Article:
REFERENCE TO RELATED APPLICATION
This application claims the benefit of U.S. application Ser. No. 60/520,858, entitled “Trench-based Capacitor For Integrated Circuits,” filed on Nov. 18, 2003 by Fuad Badrieh, Feng Dai, Bartosz Banachowicz, and Roger Bettman, which is incorporated herein by reference in its entirety.
BACKGROUND OF THE INVENTION
1. Field of the Invention
The present invention relates generally to integrated circuits, and more particularly but not exclusively to integrated circuit fabrication processes and structures.
2. Description of the Background Art
Capacitors are employed in a variety of integrated circuits, including those that include phase lock loops. Unlike discrete capacitors, capacitors formed in integrated circuits are preferably small to leave more room for transistors and other active components. That is, to conserve die space, it is advantageous to have an integrated capacitor that has relatively large capacitance per unit area.
Various types of capacitors, such as parallel plate, back-end interdigitated, and MOS gate capacitors, have been employed in integrated circuits. However, these capacitors typically require a relatively large area and, depending on the process, additional layers and processing steps. Some of these capacitors are also voltage-dependent, making them unsuitable in applications requiring tight control of capacitance values.
In one embodiment, an electrically conductive trench in an integrated circuit allows for the formation of capacitors between the trench and other portions of the integrated circuit. For example, a capacitor may be formed between the trench and an electrically conductive line. Among other advantages, the capacitor provides a relatively large capacitance while occupying a relatively small area.
These and other features of the present invention will be readily apparent to persons of ordinary skill in the art upon reading the entirety of this disclosure, which includes the accompanying drawings and claims.
DESCRIPTION OF THE DRAWINGS
FIG. 1 schematically shows an integrated circuit structure in accordance with an embodiment of the present invention.
FIGS. 2–7 schematically show sectional top views of the integrated circuit structure of FIG. 1.
FIGS. 8 and 9 schematically illustrate an integrated circuit structure in accordance with an embodiment of the present invention.
FIG. 10, which shows a closer view of FIG. 9, schematically shows various capacitors that may be formed in accordance with an embodiment of the present invention.
FIGS. 11–24 schematically illustrate the fabrication of an integrated circuit structure in accordance with an embodiment of the present invention.
The use of the same reference label in different drawings indicates the same or like components. Drawings are not necessarily to scale unless otherwise noted.
In the present disclosure, numerous specific details are provided, such as examples of materials, process steps, and structures, to provide a thorough understanding of embodiments of the invention. Persons of ordinary skill in the art will recognize, however, that the invention can be practiced without one or more of the specific details. In other instances, well-known details are not shown or described to avoid obscuring aspects of the invention.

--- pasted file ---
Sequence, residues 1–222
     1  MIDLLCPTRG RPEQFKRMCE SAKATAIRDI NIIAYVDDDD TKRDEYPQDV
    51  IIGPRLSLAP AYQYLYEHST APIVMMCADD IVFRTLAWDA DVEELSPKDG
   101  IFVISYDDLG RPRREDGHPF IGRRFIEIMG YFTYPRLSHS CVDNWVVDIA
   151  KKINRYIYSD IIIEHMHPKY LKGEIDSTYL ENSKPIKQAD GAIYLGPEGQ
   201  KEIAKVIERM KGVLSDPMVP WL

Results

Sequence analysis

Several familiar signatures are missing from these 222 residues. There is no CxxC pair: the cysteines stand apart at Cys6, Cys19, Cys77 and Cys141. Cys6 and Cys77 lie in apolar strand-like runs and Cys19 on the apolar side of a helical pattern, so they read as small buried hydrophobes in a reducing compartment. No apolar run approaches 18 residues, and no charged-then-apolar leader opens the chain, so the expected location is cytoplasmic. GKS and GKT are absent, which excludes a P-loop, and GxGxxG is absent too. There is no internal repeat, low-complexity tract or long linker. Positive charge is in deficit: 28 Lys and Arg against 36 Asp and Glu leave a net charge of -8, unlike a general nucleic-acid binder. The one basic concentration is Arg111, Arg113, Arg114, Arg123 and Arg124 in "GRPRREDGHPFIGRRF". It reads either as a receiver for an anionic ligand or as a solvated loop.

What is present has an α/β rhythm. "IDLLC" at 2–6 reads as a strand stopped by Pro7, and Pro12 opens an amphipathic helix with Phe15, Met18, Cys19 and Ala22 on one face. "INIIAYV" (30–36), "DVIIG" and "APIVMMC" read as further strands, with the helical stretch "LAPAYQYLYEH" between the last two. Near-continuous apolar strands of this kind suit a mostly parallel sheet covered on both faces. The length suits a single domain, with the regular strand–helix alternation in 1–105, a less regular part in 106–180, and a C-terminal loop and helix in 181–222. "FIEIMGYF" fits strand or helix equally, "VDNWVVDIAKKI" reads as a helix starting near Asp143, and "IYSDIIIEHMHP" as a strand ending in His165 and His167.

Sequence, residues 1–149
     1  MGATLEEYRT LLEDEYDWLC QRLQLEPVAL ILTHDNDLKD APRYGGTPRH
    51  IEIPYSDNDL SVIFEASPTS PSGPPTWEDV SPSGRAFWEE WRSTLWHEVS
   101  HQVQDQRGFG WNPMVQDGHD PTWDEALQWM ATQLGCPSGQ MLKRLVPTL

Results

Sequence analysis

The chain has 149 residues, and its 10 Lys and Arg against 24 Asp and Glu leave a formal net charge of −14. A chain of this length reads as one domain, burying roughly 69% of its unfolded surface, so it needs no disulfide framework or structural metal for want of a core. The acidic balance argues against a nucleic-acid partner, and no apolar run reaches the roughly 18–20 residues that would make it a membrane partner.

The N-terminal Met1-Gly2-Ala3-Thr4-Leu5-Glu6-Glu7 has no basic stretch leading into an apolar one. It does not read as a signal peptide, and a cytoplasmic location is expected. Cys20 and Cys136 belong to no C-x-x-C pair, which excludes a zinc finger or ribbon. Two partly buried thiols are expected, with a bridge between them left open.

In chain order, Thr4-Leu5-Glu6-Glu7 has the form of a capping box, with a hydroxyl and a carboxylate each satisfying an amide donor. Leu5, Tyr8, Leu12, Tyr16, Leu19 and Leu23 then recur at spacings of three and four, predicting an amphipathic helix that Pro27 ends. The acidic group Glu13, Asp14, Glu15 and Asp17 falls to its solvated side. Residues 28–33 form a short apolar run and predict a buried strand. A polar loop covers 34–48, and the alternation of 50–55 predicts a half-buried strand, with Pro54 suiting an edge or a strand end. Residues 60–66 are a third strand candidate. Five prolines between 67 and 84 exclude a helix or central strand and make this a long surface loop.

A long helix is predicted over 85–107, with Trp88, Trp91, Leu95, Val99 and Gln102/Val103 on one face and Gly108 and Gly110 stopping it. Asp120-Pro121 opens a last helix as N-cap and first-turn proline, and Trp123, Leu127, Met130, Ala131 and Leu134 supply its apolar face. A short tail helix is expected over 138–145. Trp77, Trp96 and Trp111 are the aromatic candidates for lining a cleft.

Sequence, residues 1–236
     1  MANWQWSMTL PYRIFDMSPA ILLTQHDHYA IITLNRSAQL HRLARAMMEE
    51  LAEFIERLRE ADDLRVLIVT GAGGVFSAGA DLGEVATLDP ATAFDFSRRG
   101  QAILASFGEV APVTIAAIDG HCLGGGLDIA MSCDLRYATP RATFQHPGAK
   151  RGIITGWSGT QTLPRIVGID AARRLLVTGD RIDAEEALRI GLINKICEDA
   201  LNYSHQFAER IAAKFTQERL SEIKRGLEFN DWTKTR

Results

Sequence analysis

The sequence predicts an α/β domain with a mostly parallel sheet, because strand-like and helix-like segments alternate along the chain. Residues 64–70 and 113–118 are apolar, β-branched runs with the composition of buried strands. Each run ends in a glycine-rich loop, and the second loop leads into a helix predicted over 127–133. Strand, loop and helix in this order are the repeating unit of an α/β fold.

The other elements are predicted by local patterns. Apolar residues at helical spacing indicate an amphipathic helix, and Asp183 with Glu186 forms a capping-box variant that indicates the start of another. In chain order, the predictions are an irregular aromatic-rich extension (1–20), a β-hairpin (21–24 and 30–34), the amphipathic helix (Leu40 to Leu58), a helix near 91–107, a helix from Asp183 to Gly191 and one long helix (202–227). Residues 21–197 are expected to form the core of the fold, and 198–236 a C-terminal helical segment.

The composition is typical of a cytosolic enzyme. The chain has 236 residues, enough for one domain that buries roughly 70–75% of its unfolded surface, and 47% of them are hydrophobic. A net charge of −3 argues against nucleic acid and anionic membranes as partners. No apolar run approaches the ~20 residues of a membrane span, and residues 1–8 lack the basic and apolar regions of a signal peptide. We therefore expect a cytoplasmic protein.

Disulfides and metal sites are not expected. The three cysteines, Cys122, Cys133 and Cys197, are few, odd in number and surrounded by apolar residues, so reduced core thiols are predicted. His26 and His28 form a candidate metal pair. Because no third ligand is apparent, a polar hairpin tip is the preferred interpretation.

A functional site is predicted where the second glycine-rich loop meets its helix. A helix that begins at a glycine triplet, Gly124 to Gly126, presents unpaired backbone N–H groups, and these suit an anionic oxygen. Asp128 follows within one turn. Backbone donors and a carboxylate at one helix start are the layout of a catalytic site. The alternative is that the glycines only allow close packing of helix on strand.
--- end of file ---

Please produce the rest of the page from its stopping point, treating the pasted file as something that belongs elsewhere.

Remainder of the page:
FIG. 1 schematically shows an integrated circuit structure in accordance with an embodiment of the present invention. In the example of FIG. 1, electrically conductive lines 101 comprise doped polysilicon and are formed over an isolation structure 102 (e.g., field oxide). Spacers 103 comprising silicon nitride may be formed on the sidewalls of the polysilicon lines 101. A silicon nitride layer (“gate nitride”) 104 is formed over each polysilicon line 101. In one embodiment, the width of a spacer 103 on a side of a polysilicon line 101 is about 400 Angstroms, while the thickness of a gate nitride 104 above a polysilicon line 101 is about 1200 Angstroms. Compared to other dielectrics, a high dielectric constant material, such as silicon nitride, in this application advantageously allows for larger capacitance per the same unit area.
Formed over the polysilicon lines 101 are local interconnect trench (“LITR”) structures 105 (i.e., 105-1, 105-2, . . . ). LITR structures 105 comprise an electrically conductive material, such as tungsten. LTIR structures 105 effectively “wrap” around polysilicon lines 101. This and the relatively thin layers of high dielectric constant material between LITR structures 105 and polysilicon lines 101 advantageously result in large (e.g., about 1.65 fF/μm2 to 2.6 fF/μm2) and tighter capacitance values. Also, LITR structures 105 combined with features with relatively small dimensions (e.g., about 0.12 μm) in the local interconnect level allow for relatively large value capacitance. In one embodiment, an LITR structure 105 is about 5000 Angstroms thick as measured from the top of LITR structure 105 contacting DDLICON lines 107 (discussed further below) to the bottom of the LITR structure 105 contacting the substrate (see substrate 801 in FIG. 8).
As their name implies, dual-damascene local interconnect lines (“DDLI”) 106 (i.e., 106-1, 106-2, . . . ) are formed using a dual-damascene process over the LITR structures 105. The dual damascene process advantageously prevents formation of air gaps (i.e., voids), thus increasing capacitance. DDLI lines 106 may comprise an electrically conductive material, such as tungsten. DDLI lines 106 are electrically connected to LITR structures 105 by way of electrically conductive lines referred to as DDLI connection (“DDLICON”) lines 107.